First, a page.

11 May Déjà vu? Ohlone College, developer again scrap plans for frontage property – East Bay Times
Faced with resistance from residents and city officials, Ohlone College and its development partner have scrapped plans to build stores, flats and townhouses on the front lot of its Fremont campus — a project the school had hoped would generate much needed revenue.
The announcement comes after more than two years of joint efforts to bring 275 residential rental units and 6,500 square feet of retail space to three parcels on Ohlone’s frontage property along Mission Boulevard between Witherly Lane and Pine Street.
This marks the second time in just four years development plans for the land have been cancelled. Officials have discussed the idea of leasing or selling the frontage property several times over the past three decades.
College officials had hoped to cash in on the 15-acre chunk of real estate by leasing it to the developer for up to 99 years, in exchange for about $1.3 million in rent annually — money the school said it could use to maintain or expand educational programs and services during tight state budget years.
But residents said the plans — by developer SteelWave LLC of Foster City — included too much housing, not enough retail, and would worsen traffic in the city’s Mission San Jose district, which is already heavily congested during commute hours.
“I think the big issue is traffic,” Gari Browning, the college district’s president and superintendent said of the concern she heard most about the project.
“And just the idea that they don’t want more development. That was, I think, a backdrop,” she said in an interview Thursday.
Browning said the college had been reaching out to residents and community leaders for about two years to try and balance the community’s wants with Ohlone’s revenue needs.
“We tried really hard to pull those ideas into our project, but it continued to be obvious that the community was not pleased with the project,” she said.
“So we listened and we came to a very difficult conclusion, a joint conclusion with Steelwave, the developer, that we wouldn’t go forward.”
Browning also said the project wasn’t getting a warm reception from some elected and appointed officials.
In January, Browning and a Steelwave representative appeared before the city’s Planning Commission to get early approval for rezoning the land so it could be developed. But the commission balked, opting to hold off on a decision until a commercial study of the Mission San Jose area was complete.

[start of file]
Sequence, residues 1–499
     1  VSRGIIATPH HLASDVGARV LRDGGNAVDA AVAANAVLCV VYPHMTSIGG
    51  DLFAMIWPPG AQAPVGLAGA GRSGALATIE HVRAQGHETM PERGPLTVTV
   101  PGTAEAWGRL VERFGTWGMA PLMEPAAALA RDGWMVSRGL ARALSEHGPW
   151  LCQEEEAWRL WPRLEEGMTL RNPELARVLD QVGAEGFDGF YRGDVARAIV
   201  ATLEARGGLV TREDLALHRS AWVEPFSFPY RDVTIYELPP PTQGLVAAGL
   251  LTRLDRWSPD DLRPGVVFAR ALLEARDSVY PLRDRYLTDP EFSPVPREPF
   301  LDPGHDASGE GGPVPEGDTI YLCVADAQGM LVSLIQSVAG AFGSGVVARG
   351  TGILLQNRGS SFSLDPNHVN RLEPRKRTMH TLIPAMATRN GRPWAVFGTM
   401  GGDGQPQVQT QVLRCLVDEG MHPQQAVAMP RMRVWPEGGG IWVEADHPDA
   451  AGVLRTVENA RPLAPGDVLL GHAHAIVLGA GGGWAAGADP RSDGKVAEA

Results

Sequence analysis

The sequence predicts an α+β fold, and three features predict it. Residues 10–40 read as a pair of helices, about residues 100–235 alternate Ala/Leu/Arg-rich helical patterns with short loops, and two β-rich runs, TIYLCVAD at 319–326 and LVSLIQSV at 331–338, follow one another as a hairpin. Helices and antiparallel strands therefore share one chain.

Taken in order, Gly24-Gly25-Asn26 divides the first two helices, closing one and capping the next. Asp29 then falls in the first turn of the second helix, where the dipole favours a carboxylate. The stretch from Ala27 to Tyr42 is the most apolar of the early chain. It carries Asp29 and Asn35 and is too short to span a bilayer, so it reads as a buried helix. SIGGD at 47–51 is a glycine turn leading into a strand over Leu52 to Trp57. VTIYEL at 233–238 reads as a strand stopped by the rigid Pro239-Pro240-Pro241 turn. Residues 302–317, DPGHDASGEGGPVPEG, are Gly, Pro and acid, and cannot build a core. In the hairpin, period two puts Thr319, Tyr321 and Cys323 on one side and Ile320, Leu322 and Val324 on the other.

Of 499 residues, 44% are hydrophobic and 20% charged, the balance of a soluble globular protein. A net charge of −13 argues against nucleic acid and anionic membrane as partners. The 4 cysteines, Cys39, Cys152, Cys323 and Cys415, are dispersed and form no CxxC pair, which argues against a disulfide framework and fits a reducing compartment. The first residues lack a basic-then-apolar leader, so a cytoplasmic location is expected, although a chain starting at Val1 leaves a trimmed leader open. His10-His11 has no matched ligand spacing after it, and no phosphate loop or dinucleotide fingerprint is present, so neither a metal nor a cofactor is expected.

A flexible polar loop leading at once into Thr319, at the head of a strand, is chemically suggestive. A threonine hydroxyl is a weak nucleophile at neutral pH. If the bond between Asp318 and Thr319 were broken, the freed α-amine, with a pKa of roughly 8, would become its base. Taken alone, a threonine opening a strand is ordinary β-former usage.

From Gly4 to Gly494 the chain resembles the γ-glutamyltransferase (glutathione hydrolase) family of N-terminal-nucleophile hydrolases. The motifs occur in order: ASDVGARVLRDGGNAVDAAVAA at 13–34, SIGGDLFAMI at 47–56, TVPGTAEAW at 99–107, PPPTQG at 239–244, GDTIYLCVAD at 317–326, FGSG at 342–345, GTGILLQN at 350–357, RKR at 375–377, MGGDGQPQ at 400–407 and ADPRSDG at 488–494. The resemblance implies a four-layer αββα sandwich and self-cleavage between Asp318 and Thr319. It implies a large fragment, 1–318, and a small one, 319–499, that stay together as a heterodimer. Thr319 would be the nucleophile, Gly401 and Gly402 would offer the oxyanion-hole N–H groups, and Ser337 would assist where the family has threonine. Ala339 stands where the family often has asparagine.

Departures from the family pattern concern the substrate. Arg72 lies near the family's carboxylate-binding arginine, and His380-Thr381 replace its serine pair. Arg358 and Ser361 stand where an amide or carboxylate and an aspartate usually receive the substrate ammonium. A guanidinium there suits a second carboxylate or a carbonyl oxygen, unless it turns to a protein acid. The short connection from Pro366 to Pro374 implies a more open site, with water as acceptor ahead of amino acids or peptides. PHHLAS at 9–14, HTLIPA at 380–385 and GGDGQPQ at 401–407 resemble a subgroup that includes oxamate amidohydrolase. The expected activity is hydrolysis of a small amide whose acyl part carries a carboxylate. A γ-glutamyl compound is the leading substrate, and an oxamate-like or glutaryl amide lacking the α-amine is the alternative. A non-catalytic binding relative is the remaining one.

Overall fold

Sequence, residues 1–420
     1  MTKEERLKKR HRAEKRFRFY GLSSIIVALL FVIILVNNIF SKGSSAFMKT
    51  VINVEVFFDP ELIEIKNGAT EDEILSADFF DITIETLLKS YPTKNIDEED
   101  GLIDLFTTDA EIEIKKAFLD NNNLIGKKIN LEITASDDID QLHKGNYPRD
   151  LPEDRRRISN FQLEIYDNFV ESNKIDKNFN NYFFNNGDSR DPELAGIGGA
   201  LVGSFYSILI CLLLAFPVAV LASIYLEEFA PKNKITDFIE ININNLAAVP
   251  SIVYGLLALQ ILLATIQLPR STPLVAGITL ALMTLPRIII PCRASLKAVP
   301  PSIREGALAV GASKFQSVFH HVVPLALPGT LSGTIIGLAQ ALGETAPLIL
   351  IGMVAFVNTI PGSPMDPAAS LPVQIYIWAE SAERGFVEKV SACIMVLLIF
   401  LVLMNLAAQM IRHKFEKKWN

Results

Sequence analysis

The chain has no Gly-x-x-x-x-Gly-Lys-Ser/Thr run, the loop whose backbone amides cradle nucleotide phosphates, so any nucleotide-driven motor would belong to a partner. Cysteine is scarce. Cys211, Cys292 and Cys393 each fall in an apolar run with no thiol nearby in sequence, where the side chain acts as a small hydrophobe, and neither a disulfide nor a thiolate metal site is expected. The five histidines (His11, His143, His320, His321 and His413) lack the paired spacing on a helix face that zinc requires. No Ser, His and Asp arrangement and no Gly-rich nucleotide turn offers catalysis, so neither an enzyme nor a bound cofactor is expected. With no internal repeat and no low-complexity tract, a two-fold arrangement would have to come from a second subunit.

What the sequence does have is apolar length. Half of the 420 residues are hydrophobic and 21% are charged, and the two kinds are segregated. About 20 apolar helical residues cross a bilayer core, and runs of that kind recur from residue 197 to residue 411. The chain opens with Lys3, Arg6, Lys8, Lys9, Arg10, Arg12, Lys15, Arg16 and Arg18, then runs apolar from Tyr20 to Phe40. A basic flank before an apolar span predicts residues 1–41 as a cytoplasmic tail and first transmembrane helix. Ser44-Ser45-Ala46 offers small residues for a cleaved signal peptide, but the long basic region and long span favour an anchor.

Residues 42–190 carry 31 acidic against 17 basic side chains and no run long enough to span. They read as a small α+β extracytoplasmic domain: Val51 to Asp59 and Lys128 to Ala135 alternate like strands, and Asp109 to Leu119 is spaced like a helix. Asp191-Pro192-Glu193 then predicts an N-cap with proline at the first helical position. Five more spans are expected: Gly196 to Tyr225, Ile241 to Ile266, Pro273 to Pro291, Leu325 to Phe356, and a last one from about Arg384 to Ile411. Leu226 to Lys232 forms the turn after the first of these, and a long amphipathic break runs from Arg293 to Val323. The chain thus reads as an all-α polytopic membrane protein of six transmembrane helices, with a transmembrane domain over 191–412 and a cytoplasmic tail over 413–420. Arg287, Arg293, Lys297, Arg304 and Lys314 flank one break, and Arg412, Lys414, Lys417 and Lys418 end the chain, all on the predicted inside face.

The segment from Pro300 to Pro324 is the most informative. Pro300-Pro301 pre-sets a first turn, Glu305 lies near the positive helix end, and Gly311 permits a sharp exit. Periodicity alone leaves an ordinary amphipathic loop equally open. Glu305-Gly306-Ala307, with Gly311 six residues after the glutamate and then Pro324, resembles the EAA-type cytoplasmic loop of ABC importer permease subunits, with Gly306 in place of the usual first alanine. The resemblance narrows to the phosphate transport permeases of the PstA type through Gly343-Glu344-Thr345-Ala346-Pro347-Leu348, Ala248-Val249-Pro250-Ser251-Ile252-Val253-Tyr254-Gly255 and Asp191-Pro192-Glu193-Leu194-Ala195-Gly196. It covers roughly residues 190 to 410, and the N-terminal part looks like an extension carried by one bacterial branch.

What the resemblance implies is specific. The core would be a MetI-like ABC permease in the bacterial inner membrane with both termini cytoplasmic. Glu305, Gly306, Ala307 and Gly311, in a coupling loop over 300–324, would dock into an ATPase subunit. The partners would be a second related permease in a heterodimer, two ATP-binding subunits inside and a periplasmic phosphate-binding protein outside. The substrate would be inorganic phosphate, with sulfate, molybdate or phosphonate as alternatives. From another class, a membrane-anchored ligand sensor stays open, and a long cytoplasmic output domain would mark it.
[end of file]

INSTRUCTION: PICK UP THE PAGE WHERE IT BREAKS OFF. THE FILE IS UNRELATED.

“Then (another hearing for the project) kept getting postponed, and postponed,” Browning said, “and we could see the writing on the wall.”
Vice Mayor Raj Salwan, who represents the Mission San Jose area on the city council, said he didn’t like the project, either.
“It was not the best thought out project,” he said. “I just thought there was too much housing and not enough restaurants or retail, and it was just kind of the wrong spot,” he said.
“I would’ve liked to see a project that was more like, trying to revitalize Mission San Jose, kind of a main street, small village type feel.”
Salwan also said the developer didn’t seem willing to go above and beyond minimum city requirements on including affordable housing, or to offer other kinds of benefits to justify the city approving a general plan amendment for the land.
“There are extras you’ve got to do” to earn an amendment, he said. “Not just build a bunch of housing.”
Dennis Cavallari, a director at SteelWave who was working on the project, didn’t return calls or texts seeking comment for this story.
San Francisco-based Carmel Partners had pulled out of plans for the property in 2015, but Cavallari was confident in a July 2017 interview that SteelWave’s project could get built.
“I feel that we produce a superior product,” he said at the time. “Our community, when it’s complete, will be one of the most sought after apartment complexes in all of Fremont, if not the most sought after.”
Richard Watters, an Ohlone board member, wasn’t so confident, and cast the lone dissenting vote against giving SteelWave the contract in 2017, citing concerns about past development failures, and Fremont officials’ shifting views on development in general.
“Considering the last time, I have really huge concerns that the developer will walk again,” Watters said at the time. “My worry is we are getting these big bids, and these developers thinking they are going to be able to develop how they want, and then run into problems, and then they back out.
Meanwhile, Browning said plans for the frontage property are up in the air, and she’s concerned about the financial future of the college, which serves about 16,000 students annually.
In just a couple of years, Ohlone projects it will lose about $5.4 million in annual funding from the state as a new funding formula — which leans on student performance and the number of low-income students in the area — begins to take full effect.
“So we need to create some kind of income that isn’t just dependent on the state,” she said.
“We’re exploring a parcel tax, we don’t know whether we’ll be able to get support for that or not. But we’re beginning to look at that,” she said.
The college also owns undeveloped property adjacent to the school’s Newark campus, but “we haven’t even begun the discussion on that,” Browning said.
“We would probably in the long run prefer to put educational expansion in Newark, and use the frontage property for income,” she said.
“But so far, we haven’t been able to do that.”